Anyhow, in many cases with teenagers it is a lack of awareness that such behaviour is antisocial than any deliberate intent. And OK, so maybe their parents should be teaching them how to behave, but that doesn’t absolve us from our community responsibility. That is certainly not an excuse that would have entered our heads 30 or 40 years ago - or even 20, if you happened to be an adult in the village where I grew up!

If each one of us just undertook one action, provided some sort of role model just once a week, then we would surely start to make a difference. This is not a policy but grass roots action, that I am advocating and it is a slow burn not an overnight solution - obviously!

I firmly believe that people don’t drink and drive as much now, not because they think they’ll get caught by the police, but that it is no longer socially acceptable – I’m looking forward to when speeding becomes an equal taboo.

We have an opportunity as individuals to have an impact on our community and I am convinced that the world most of us would prefer to live in is one where the community regulates itself rather than leaving it to someone a bunch of private security employees to bawl at us through a loud speaker.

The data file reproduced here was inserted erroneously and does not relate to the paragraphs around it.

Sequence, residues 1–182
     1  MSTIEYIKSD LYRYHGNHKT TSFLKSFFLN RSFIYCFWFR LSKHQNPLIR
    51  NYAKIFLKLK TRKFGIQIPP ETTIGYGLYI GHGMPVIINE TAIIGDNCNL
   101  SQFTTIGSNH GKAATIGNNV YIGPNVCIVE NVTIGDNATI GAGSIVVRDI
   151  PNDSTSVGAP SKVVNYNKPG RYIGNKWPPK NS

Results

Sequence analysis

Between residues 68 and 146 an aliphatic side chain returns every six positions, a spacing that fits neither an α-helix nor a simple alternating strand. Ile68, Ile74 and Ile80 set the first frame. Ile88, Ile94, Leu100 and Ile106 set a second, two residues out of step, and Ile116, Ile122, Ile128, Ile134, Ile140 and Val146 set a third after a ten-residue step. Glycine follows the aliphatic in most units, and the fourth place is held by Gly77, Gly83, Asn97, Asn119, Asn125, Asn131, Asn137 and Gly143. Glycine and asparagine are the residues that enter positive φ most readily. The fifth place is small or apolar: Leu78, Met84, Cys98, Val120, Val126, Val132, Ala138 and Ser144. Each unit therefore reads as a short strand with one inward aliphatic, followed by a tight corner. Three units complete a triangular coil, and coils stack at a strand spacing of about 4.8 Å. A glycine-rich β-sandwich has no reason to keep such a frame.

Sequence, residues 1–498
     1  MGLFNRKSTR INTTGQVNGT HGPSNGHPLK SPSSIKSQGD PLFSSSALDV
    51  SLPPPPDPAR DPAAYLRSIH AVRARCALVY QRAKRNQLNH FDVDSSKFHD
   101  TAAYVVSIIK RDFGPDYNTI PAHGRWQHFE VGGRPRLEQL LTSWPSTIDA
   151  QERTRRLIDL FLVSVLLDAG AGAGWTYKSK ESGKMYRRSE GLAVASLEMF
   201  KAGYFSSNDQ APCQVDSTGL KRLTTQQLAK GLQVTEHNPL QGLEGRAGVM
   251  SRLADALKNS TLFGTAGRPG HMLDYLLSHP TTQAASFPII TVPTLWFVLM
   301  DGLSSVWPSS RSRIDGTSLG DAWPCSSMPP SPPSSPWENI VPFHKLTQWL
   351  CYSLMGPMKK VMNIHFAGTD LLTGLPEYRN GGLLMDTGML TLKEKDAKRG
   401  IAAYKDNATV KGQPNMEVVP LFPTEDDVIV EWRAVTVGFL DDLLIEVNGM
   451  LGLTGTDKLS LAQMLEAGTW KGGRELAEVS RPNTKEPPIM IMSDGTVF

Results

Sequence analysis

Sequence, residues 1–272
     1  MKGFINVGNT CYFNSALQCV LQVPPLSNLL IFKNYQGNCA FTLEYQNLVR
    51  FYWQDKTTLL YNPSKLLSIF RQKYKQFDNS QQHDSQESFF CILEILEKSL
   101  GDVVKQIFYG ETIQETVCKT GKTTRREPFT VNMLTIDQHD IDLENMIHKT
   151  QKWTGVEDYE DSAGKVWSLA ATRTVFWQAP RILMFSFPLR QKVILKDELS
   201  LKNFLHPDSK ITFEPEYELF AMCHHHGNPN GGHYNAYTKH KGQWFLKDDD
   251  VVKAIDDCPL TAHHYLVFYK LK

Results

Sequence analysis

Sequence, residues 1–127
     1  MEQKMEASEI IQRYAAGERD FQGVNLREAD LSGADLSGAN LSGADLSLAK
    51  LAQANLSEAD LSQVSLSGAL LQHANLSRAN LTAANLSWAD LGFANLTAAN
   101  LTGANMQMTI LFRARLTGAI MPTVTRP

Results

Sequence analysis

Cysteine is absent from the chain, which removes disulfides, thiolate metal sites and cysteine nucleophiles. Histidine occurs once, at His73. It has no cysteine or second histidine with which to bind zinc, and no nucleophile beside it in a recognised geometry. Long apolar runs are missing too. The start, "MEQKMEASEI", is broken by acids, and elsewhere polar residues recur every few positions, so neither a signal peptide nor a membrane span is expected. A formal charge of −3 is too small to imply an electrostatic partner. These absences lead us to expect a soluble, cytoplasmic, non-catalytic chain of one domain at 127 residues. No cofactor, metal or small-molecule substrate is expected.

I just don’t want naming and shaming; I want a strong, supportive and free community.


Jimmy said...
5 Apr 2007, 09:20:00

Could we have cameras in our kitchens to tell us if we are eating healthly and cameras in the living room in case we disagree with the views express but The Party spokespeople?

But I think your idea that we should all stand up to anti-social behaviour is a little dangerous. It may be okay in the small village where you grew up, but in the real world you should only do this if you are wearing a stab-proof vest. If everybody was middle-class then you would be fine, but Lewisham isn't quite like that.

Given the choice I would prefer to have CCTV monitored in the area rather than vast numbers of armed police roaming the streets, which is the solution they have used in New York and other cities.

Jo Christie-Smith said...
5 Apr 2007, 09:36:00

But I do stand up to anti-social behaviour -in Lewisham, in Penge in Crystal Palace; wherever I happen to be - I wouldn't be advocating it if I hadn't given it a go already. If I see a young person drop litter I ask them to pick it up, often they do, when they don't I don't make a fuss I just put it in the bin myself - it's about setting a model of how to behave at the level of an individual.

Clearly, you have to pick your moments and if you feel in danger then that would not be the time to intervene; violent or criminal behaviour is a matter for the police.

Don't assume that villages don't have similar problems around low level anti social behaviour - young people in villages can be, like in cities, very territorial. I remember one Friday evening about 20 years ago, walking home with my boyfriend and his mate and being set upon by two guys from a nearby village, our crime being that we came from the wrong village - it was quite vicious and not at all chocolate box.